United States and Japan sign space cooperation framework agreement

WASHINGTON — The United States and Japan signed an agreement Jan. 13 to enable further cooperation between the two countries in space exploration, but without announcing any new initiatives.

During a brief ceremony at NASA Headquarters attended by Japanese Prime Minister Fumio Kishida and other officials, U.S. Secretary of State Antony Blinken signed the framework agreement with his Japanese counterpart, Foreign Minister Yoshimasa Hayashi.

“The U.S.-Japan space cooperation has entered a new era with the Artemis project, and many projects, including lunar activities, are already in the works by Japanese and U.S. astronauts,” Kishida said through a translator at the ceremony. “I strongly hope that this agreement will robustly promote our space cooperation even further and also further expand the field of cooperation under the Japan-U.S. alliance.”

Neither the U.S. nor the Japanese governments released the text of the agreement itself, titled “Framework Agreement Between the Government of Japan and the Government of the United States of America for Cooperation in Space Exploration and Use of Outer Space, Including the Moon and Other Celestial Bodies, For Peaceful Purposes.” NASA, in a statement about the agreement, described it as covering “a broad swath of joint activities between the countries,” such as aeronautics, space science and exploration.

The United States and Canada signed an agreement with a similar name — Framework Agreement Between the Government of Canada and the Government of the United States of America for Cooperation in the Exploration and Use of Outer Space for Peaceful Purposes — in 2009. That agreement established what it described as an “overall legal framework to facilitate the conclusion of implementing arrangements for cooperation” between NASA and the Canadian Space Agency.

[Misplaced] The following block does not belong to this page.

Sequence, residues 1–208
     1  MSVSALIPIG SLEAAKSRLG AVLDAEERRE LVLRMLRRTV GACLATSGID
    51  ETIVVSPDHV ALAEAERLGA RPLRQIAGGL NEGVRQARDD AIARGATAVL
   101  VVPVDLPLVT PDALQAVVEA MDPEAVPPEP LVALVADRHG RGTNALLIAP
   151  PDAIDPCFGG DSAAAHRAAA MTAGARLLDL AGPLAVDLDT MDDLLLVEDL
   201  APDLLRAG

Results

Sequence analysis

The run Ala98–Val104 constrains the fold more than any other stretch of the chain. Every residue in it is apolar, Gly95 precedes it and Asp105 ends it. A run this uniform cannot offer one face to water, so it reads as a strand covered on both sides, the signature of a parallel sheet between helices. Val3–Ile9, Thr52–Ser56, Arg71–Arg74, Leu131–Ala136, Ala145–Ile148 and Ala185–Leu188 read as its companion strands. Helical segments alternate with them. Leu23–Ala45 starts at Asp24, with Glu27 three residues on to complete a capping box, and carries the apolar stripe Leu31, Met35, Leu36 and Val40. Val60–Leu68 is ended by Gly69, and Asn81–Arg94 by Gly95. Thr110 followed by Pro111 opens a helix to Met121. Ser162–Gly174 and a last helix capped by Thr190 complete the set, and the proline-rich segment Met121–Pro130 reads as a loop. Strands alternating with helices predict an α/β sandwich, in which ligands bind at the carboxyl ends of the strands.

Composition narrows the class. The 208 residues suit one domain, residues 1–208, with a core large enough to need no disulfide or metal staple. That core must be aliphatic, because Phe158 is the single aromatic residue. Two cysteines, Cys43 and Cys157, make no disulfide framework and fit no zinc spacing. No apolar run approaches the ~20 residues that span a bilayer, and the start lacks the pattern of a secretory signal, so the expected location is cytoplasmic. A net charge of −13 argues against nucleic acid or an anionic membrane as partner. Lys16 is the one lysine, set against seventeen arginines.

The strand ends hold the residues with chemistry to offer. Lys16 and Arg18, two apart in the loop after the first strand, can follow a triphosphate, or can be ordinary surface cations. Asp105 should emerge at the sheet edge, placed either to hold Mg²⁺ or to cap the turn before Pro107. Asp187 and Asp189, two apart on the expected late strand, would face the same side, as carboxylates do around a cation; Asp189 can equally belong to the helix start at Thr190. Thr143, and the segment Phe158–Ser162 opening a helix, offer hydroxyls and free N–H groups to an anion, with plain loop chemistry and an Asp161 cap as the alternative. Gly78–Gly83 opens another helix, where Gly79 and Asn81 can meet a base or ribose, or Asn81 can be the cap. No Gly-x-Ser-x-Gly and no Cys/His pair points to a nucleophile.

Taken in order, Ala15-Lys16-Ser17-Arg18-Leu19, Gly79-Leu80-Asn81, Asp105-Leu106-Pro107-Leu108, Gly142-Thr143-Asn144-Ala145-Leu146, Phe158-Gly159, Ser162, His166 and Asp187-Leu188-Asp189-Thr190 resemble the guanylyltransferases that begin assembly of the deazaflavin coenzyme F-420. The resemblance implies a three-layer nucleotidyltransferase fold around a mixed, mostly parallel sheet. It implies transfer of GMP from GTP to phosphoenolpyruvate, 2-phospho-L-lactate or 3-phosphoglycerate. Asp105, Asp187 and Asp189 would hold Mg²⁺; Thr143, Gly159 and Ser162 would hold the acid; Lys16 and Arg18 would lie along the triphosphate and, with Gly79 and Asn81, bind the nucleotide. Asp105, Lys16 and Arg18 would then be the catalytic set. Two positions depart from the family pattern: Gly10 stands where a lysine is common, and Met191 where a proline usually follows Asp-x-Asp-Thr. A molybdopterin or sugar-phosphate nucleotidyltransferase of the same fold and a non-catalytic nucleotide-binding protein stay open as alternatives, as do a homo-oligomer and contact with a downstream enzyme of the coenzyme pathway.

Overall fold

“The Framework Agreement that we’re about to sign will take our cooperation to new heights,” Blinken said at the ceremony. “It’ll strengthen our partnership in areas like research on space technology and transportation, robotic lunar surface missions, climate-related missions and our shared ambition to see a Japanese astronaut on the lunar surface.”

Hayashi said he expected the agreement to cover future cooperation between the two countries on Artemis, including Japanese plans to develop a pressurized rover for later missions. “With the conclusion of this agreement between our two countries, numerous cooperative projects,” he said, “will be conducted efficiently.”

None of the officials at the event announced any specific new cooperative projects enabled by the agreement. NASA and the Japanese government signed an agreement in November finalizing Japan’s contributions to the lunar Gateway that also confirmed Japan would participate in the International Space Station through 2030. As part of the agreement, NASA will fly a Japanese astronaut to the Gateway on a future Artemis mission.

NASA Administrator Bill Nelson said at the ceremony that he and Deputy Administrator Pam Melroy would travel to Japan in February “to grow the bond between NASA and JAXA.” He did not elaborate on his plans for that trip.

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